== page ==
Message from the Chief Financial Officer

Jessica Uhl, Chief Financial Officer (photo)

Jessica Uhl, Chief Financial Officer

Taxes are a vital source of revenue for countries around the world and help to fund essential services like education, health care and transport. In times of crisis such as the COVID-19 pandemic, taxes are also central to government policies to support people’s lives and livelihoods.

The taxes Shell pays are one of the many links between our business and the countries and communities where we operate. Today, it is more important than ever that we are open about our tax payments so that people can understand how much we pay and why.

This is the second year we have published our Tax Contribution Report, which details the corporate income tax we have paid in 99 countries.

It shows that we made profits before tax of $25.5 billion in 2019, and that Shell companies paid $7.8 billion in corporate income tax and $5.9 billion in to governments. On behalf of governments, we also collected $47.6 billion in , and similar levies on our fuel and other products.

But transparency goes beyond the numbers. It is also about demonstrating our commitment to complying with legislation, and explaining our approach to tax and our company’s global structure. It is about showing why we own entities in different countries and locations around the world.

In 2019, we updated our approach to tax when we adopted the B Team Responsible Tax Principles. These principles, which we developed with other companies, investors and international institutions, set new standards for the creation of fairer and more effective tax systems.

As a result, we have reviewed our presence in low- and zero-tax jurisdictions, countries with significantly lower tax rates than the average. We have ended some activities in Switzerland and Bermuda following this review, which you can read about in this report.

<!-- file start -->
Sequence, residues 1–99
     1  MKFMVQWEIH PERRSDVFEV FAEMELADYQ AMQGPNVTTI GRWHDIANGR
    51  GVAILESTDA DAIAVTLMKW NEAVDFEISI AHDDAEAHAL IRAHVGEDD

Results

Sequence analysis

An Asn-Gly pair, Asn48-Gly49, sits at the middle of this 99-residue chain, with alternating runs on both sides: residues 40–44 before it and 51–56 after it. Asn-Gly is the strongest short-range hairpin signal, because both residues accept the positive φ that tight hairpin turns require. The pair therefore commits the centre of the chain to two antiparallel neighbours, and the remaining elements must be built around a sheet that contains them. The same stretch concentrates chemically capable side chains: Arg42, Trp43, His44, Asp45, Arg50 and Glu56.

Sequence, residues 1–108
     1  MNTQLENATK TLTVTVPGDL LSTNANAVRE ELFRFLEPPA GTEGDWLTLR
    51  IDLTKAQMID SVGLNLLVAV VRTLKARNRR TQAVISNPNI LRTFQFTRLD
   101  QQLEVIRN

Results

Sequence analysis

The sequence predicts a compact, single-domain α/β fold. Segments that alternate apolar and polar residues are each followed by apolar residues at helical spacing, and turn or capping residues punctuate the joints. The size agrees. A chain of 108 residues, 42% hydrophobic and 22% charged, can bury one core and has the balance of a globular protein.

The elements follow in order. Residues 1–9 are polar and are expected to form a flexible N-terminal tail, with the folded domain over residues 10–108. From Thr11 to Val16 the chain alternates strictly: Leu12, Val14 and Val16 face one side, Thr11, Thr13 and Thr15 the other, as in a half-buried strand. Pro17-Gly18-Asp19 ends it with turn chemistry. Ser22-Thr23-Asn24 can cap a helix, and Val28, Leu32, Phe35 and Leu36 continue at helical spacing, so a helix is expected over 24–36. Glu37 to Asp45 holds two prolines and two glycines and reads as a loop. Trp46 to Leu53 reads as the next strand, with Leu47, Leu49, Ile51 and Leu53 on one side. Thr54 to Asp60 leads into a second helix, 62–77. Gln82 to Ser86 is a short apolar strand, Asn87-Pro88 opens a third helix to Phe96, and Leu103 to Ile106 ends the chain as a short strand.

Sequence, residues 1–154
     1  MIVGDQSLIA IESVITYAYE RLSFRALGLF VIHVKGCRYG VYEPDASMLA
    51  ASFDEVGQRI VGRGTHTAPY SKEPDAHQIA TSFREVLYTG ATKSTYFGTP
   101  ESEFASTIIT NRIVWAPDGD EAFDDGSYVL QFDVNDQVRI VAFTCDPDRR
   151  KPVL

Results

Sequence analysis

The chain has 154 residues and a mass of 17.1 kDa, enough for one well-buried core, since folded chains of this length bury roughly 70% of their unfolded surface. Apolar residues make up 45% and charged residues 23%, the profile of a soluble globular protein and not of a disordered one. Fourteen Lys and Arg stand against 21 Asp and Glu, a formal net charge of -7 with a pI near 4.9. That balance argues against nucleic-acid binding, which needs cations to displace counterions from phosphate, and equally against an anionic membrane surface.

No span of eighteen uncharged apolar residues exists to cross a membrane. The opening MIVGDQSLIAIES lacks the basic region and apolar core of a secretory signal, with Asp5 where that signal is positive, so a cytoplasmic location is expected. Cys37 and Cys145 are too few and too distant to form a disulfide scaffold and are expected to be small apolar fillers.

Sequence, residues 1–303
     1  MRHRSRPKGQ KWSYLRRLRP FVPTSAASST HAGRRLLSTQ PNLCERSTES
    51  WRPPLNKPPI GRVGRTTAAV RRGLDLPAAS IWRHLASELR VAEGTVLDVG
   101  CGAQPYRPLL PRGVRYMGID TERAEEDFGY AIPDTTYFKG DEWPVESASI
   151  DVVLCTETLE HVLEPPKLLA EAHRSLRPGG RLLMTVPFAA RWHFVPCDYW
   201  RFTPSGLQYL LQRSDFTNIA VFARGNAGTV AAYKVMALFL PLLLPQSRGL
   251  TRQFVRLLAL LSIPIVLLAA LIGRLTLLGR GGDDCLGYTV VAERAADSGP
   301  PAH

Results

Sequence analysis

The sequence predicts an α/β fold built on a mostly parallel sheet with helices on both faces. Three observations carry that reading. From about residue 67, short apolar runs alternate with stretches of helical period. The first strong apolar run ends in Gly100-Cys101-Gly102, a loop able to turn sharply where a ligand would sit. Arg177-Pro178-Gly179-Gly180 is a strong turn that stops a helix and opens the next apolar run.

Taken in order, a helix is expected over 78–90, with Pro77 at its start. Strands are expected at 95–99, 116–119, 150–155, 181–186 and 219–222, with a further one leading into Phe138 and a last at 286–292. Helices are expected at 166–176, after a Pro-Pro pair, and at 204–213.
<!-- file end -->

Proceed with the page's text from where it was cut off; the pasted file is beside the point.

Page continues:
We must keep asking ourselves whether our presence in these low-tax jurisdictions is still necessary for our business.

Next, we plan to review our reporting of tax incentives, including exemptions and reliefs. Governments around the world use tax incentives to encourage investment, job creation and to support certain industries. More transparency about these incentives will lead to greater understanding of what they are intended to achieve, and the responsibilities of businesses.

Shell will continue to promote transparency on how companies approach tax and how much they pay. We are calling on companies to disclose more information so that governments, investors and non-governmental organisations, as well as wider society, can better understand the tax payments companies make.

Jessica Uhl
Chief Financial Officer

Royalties are generally payment due for the use of an asset. Mineral royalties are payments to governments or other owners for the rights to extract oil and gas resources, typically at a set percentage of revenue less any deductions that may be taken. See also Trademark royalties.
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Excise duties
This is a tax on manufacturers and is due at the point of production rather than sale. Companies which manufacture products that are subject to excise duties are responsible for reporting and paying these taxes. Excise taxes are in addition to other forms of indirect tax, such as customs duties, VAT or GST, and typically form part of the cost of the product.
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Consumption taxes
A tax due on the purchase of goods and services. Typically, this is a percentage of the sales price of the item or service. It is an indirect tax as it is levied and administered by the retailers or service providers but it is borne or paid by the individual purchasing the item. The companies that charge the tax have to administer the collection and payment on behalf of the government.
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